- spine of scapula,
Origin of spine
Examples from the Web for spine
Morris struggled to straighten his back, which involved stiffening a spine rarely used.Powerful Congressman Writes About ‘Fleshy Breasts’|Asawin Suebsaeng|January 7, 2015|DAILY BEAST
The results were awful: marked osteoporosis in the spine, hip, and femur.
He survived, Risner says, but was left permanently injured by a bullet to his spine.
Its spine, too, “‘hubbed’ as the most prized European classics are,” is decorated with delicate gold squiggles and a star.
Dr. Neal is a spine surgeon who made a trip to heaven while drowning in a kayak accident in South America.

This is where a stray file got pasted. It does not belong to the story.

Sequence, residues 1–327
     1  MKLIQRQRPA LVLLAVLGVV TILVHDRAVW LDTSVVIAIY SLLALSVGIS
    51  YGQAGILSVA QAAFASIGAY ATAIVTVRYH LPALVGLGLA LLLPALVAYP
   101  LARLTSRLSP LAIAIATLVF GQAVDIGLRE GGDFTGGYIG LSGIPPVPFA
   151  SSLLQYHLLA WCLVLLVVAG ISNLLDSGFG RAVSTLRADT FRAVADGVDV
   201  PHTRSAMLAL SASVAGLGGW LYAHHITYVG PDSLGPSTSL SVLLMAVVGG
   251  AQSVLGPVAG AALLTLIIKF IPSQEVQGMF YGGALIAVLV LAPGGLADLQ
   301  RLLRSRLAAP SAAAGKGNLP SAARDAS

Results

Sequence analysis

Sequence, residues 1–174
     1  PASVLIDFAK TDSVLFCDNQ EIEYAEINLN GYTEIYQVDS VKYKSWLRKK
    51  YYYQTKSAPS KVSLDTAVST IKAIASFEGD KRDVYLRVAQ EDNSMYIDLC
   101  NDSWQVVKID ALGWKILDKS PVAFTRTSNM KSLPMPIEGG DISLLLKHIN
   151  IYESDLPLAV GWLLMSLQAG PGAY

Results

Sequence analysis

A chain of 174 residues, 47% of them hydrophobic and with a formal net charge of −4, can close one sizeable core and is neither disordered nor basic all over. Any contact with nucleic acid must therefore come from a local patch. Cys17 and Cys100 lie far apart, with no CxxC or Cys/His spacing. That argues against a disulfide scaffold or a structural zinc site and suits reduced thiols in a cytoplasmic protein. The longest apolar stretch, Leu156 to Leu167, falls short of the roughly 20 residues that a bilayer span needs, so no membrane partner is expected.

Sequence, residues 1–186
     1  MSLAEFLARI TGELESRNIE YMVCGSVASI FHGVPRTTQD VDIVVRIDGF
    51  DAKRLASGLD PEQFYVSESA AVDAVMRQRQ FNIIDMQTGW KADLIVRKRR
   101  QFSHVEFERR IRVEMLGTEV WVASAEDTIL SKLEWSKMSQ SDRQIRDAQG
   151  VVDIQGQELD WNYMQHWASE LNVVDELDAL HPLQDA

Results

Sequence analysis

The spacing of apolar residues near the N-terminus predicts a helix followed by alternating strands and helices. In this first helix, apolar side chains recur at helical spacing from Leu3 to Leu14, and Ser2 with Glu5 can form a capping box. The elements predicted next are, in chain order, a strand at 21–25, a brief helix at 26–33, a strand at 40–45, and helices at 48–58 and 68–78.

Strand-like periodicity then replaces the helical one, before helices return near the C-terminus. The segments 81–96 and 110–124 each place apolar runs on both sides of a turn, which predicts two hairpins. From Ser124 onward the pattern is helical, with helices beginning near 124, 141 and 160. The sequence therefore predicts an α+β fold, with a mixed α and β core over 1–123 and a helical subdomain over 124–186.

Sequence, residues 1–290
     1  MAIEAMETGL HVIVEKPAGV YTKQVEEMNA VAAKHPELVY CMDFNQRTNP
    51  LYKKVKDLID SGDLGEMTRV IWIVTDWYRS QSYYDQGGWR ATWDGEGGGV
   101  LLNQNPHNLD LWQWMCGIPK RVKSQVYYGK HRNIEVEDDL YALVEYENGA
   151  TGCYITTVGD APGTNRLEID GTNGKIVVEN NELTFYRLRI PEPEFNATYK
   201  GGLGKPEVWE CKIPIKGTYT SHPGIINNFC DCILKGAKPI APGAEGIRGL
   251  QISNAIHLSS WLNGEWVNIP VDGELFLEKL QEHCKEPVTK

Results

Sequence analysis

But in another minute the beer had gone to his head, and a faint and even pleasant shiver ran down his spine.Crime and Punishment|Fyodor Dostoevsky
Illness may also result from small stones, or the spine of the nopal placed in the body by the same agency.Unknown Mexico, Volume 1 (of 2)|Carl Lumholtz
This consists of two huge masses filled with a jellylike substance, below the spine, and separated by a narrow median septum.Zoology: The Science of Animal Life|Ernest Ingersoll
It acts upon the heart, the spine and the nerve centers and causes paralysis.
A creepy, shivery feeling runs up and down my spine; a fear of which I am ashamed seizes upon me.The Best Psychic Stories|Various
Word Origin for spine
c.1400, "backbone," later "thornlike part" (early 15c.), from Old French espine (French épine), from Latin spina "backbone," originally "thorn, prickle," from PIE *spei- "sharp point" (cf. Latin spica "ear of corn," Old Norse spikr "nail;" see spike (n.1)). Meaning "the back of a book" is first attested 1922.